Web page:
Warehouse storage for hazardous goods

 Can your warehouse provider cope with Hazardous Storage?

Storing hazardous goods

Hazardous materials, whether in a raw state or finished goods, are capable of producing a wide range of harmful physical effects such as a fire, sudden release of pressure, explosion or serious health issues including burns, convulsions, organ damage or cancer.

Hazardous substances include:

  • Substances used directly in work activities (e.g. adhesives, battery acid, pest control, paints, cleaning agents)
  • Substances generated during work activities (e.g. fumes from industrial trucks or spilled products)
  • Naturally occurring substances (e.g. dust in certain concentrations)
  • Biological agents such as bacteria and other microorganisms.

The Department for Environment, Food and Rural Affairs (DEFRA) ensures that warehouse providers offering hazardous storage adequately risk assess the goods they are responsible for.

When choosing a hazardous storage solution, it is essential that you find someone who is experienced in dealing with your particular type of hazardous goods and that they are fully trained and aware of the latest legislation’s surrounding dealing with spills and incidents.

Choosing the right hazardous warehouse storage solution

Different substances create very different risks and it is important that the standards adopted at the warehouse are based on an understanding of the physical and chemical properties of the substances concerned and the potential reactions between substances.

Other important factors are the overall quantities of the substances to be stored and the maximum size of individual packages.

The incidents that cause the greatest concern are generally those that involve fire. Such fires expose employees, the emergency services, and members of the public to the threat of heat, harmful smoke and fumes, flying missiles etc. Fires can also cause the substances to be spread over a wider area through smoke and water used to fight the fire, thereby being harmful to the environment.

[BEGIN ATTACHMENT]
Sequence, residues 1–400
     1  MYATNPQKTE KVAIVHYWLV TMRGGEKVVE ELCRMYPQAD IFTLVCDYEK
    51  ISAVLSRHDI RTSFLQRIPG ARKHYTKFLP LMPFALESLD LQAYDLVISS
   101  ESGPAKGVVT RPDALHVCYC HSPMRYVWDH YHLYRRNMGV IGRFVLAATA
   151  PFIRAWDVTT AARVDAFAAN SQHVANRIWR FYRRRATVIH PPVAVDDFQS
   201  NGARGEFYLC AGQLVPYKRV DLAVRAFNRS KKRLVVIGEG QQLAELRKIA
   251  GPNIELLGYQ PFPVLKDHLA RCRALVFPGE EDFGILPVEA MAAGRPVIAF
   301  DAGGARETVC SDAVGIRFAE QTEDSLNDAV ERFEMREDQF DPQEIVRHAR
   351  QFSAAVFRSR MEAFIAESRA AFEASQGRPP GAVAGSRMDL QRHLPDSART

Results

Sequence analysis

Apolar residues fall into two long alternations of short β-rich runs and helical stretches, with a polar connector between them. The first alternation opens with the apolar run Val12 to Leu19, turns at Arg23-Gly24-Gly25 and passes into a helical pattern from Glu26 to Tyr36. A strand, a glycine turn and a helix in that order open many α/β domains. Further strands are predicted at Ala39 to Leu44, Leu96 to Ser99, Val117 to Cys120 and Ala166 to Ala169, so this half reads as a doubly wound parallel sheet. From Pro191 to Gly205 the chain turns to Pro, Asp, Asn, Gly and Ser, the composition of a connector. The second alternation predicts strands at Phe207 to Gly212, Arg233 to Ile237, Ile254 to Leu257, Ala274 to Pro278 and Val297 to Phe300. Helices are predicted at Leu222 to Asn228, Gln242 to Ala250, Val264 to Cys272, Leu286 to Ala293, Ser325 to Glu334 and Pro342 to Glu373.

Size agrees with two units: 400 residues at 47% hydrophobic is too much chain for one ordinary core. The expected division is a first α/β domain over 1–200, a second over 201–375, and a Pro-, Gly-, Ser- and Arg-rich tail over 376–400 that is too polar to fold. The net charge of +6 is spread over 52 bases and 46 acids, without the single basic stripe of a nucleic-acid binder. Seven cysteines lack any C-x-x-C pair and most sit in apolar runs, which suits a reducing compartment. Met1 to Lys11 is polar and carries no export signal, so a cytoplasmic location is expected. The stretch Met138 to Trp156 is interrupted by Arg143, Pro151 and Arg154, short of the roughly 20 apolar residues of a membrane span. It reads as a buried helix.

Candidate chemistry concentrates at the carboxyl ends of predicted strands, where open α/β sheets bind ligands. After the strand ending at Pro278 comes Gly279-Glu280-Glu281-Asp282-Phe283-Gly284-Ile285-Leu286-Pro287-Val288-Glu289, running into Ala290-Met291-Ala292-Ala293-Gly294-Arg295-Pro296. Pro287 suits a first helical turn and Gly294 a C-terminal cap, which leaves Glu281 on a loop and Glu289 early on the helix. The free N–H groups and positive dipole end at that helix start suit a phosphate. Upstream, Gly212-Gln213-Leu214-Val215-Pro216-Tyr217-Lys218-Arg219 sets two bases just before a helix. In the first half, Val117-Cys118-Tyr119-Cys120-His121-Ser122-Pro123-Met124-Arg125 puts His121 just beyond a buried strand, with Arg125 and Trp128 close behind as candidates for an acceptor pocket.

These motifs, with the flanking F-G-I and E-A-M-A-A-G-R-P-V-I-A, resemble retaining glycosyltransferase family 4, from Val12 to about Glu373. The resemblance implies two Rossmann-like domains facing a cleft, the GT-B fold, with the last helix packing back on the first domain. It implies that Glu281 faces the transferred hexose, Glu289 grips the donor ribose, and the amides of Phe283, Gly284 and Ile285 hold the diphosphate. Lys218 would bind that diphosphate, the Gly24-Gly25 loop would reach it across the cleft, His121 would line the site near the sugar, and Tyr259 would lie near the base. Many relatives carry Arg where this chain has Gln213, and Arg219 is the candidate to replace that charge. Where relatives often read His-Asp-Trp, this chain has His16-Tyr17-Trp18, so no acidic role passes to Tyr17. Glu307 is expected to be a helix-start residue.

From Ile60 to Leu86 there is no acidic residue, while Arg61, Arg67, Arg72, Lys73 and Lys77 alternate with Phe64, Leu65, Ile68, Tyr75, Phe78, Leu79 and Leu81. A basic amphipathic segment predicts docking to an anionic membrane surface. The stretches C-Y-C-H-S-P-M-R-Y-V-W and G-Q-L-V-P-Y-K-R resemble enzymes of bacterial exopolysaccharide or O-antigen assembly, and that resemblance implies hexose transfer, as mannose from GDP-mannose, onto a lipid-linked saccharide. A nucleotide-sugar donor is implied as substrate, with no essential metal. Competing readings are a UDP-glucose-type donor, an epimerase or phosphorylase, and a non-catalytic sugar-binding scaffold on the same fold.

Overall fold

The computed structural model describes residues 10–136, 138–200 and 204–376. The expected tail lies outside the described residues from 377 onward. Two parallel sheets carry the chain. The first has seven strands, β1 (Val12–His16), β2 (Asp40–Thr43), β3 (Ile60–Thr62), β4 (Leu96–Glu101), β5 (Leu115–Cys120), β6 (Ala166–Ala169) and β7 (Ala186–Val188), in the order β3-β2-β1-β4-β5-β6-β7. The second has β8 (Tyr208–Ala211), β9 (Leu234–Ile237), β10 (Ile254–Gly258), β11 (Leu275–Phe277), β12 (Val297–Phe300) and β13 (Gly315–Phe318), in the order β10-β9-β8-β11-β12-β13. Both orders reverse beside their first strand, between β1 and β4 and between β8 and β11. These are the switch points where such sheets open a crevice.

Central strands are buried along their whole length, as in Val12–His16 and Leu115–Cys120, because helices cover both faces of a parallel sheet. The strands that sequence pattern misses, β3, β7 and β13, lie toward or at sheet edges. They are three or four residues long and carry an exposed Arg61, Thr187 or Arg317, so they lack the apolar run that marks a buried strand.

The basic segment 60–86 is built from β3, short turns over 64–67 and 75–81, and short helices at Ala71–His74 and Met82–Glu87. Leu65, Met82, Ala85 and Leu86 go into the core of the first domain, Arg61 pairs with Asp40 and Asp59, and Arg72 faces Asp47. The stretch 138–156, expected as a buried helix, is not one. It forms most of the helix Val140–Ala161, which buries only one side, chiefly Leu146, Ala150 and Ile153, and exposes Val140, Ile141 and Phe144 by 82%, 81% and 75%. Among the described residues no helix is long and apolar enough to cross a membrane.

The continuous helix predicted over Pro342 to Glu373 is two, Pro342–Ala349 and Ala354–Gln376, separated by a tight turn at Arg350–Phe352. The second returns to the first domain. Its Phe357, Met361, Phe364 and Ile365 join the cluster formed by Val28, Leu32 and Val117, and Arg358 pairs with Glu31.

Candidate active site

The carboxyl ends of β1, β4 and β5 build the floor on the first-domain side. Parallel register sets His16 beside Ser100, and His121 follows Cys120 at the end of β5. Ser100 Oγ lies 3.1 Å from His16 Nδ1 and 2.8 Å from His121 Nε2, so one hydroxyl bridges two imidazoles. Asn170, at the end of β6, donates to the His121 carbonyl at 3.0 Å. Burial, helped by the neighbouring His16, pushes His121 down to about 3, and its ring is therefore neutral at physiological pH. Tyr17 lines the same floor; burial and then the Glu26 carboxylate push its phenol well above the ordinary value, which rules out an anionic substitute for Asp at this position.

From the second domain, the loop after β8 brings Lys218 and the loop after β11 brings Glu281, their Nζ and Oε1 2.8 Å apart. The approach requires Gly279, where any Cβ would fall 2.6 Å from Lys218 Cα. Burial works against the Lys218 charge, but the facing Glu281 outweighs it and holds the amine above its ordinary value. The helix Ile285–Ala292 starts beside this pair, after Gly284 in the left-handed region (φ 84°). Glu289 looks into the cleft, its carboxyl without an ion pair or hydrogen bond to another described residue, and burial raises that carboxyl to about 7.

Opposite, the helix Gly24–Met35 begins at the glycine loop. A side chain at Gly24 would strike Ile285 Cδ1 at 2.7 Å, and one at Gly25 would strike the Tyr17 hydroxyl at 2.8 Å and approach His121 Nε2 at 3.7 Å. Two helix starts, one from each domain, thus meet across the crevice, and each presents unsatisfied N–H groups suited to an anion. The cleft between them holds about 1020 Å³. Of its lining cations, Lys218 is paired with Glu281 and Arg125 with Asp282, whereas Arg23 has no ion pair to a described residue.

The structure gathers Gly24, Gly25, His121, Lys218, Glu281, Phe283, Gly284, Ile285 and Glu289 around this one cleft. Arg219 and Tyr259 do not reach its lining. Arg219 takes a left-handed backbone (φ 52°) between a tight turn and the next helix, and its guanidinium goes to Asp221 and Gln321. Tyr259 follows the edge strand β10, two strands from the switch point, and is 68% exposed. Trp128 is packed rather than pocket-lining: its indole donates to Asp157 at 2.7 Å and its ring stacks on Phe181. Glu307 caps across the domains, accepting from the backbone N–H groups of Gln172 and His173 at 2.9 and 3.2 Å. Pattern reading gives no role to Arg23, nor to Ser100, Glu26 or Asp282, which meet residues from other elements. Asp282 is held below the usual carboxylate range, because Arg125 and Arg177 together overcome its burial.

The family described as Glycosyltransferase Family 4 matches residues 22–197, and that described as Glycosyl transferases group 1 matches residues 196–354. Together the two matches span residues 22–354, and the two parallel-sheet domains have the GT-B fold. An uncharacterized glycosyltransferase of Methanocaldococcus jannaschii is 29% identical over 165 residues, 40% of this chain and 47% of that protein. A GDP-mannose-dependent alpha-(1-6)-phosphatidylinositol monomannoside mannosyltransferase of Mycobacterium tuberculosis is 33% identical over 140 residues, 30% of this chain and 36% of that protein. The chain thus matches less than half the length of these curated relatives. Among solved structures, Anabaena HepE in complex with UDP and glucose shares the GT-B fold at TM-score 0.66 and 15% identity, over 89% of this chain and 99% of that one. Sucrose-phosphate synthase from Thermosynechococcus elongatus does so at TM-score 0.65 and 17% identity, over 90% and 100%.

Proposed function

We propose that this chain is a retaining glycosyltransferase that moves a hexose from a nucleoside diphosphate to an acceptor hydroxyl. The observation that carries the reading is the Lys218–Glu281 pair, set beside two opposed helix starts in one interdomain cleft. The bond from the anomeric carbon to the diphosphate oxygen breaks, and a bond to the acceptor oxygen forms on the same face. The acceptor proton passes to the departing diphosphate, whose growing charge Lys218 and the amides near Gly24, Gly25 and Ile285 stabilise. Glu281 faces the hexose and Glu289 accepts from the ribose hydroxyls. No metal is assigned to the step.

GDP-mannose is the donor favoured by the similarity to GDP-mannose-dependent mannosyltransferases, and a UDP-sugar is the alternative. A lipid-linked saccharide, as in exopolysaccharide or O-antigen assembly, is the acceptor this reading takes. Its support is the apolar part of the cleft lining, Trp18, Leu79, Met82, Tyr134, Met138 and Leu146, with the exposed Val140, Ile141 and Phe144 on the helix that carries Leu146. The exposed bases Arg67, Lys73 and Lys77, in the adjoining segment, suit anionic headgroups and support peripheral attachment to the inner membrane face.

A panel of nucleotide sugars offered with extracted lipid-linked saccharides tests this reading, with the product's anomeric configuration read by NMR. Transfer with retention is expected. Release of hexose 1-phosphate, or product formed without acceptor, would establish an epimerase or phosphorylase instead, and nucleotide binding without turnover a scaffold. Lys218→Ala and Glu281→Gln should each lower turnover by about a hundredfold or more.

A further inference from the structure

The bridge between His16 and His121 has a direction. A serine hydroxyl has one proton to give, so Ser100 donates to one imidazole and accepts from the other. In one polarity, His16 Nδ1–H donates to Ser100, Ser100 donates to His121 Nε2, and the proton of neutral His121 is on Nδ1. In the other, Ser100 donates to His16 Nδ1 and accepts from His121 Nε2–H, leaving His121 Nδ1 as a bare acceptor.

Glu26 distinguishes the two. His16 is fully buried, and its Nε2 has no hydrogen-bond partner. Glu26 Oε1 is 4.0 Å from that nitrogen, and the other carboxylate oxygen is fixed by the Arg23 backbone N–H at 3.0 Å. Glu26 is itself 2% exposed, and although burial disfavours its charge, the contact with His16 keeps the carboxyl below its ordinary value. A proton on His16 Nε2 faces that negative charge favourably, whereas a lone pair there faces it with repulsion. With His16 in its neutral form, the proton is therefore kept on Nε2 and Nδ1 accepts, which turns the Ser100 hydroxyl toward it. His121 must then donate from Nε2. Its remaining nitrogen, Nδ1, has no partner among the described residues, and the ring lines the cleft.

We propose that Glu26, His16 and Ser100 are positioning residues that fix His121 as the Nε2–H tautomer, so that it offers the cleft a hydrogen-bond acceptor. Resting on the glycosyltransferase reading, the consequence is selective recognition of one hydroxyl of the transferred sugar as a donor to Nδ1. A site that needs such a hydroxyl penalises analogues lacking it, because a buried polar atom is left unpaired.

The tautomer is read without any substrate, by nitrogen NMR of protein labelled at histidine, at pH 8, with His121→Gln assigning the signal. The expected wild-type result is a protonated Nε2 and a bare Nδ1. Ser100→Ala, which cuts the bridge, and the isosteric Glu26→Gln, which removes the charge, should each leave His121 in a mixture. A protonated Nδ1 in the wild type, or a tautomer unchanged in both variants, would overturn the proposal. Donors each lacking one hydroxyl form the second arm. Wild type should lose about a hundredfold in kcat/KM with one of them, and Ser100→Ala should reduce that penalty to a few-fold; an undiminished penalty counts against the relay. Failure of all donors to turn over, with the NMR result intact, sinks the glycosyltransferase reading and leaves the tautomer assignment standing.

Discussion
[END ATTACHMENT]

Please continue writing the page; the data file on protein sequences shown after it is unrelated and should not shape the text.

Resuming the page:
Storage of organic peroxides

The principal storage recommendations for organic peroxides are that it is kept in its original container, held within predetermined temperature limits and kept in dedicated storage areas. It should not come into contact with other materials such as acids, alkalis, amines, accelerators, combustible materials, metals or reducing agents.

Storage of sodium chloride and other strong oxidants

Sodium chloride should be stored in a secure area away from sources of ignition and flammable materials. It should be kept away from food, drink and animal foodstuffs but can be stored with other strong oxidants.

Storage of ammonium nitrate

Ammonium nitrate should normally be stored in single storey, well-ventilated buildings which are constructed from materials that will not burn such as concrete, bricks or steel. If the warehouse is located near to a densely populated area, it may be better to store the ammonium nitrate outside, provided it is in a secure area away from combustible materials.

Storage of LPG

Wherever possible, LPG should be stored in the open air but where this is not practical, the quantities stored should be restricted. LPG should not be stored in the vicinity of cylinders containing other gases or hazardous substance.

Storage of flammable liquids